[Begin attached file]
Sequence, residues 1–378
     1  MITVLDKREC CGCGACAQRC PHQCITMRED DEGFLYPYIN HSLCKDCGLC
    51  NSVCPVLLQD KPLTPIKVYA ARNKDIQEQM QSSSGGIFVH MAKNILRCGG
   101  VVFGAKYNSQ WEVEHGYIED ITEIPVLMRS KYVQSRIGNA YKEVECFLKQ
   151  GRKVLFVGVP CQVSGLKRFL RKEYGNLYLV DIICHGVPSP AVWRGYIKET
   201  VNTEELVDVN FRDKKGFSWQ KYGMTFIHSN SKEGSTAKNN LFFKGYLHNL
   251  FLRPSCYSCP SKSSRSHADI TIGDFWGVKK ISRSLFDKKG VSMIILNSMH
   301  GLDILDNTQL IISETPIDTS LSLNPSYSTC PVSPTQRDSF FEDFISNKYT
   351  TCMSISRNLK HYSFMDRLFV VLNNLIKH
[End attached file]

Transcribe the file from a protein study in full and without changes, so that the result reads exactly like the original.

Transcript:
Sequence, residues 1–378
     1  MITVLDKREC CGCGACAQRC PHQCITMRED DEGFLYPYIN HSLCKDCGLC
    51  NSVCPVLLQD KPLTPIKVYA ARNKDIQEQM QSSSGGIFVH MAKNILRCGG
   101  VVFGAKYNSQ WEVEHGYIED ITEIPVLMRS KYVQSRIGNA YKEVECFLKQ
   151  GRKVLFVGVP CQVSGLKRFL RKEYGNLYLV DIICHGVPSP AVWRGYIKET
   201  VNTEELVDVN FRDKKGFSWQ KYGMTFIHSN SKEGSTAKNN LFFKGYLHNL
   251  FLRPSCYSCP SKSSRSHADI TIGDFWGVKK ISRSLFDKKG VSMIILNSMH
   301  GLDILDNTQL IISETPIDTS LSLNPSYSTC PVSPTQRDSF FEDFISNKYT
   351  TCMSISRNLK HYSFMDRLFV VLNNLIKH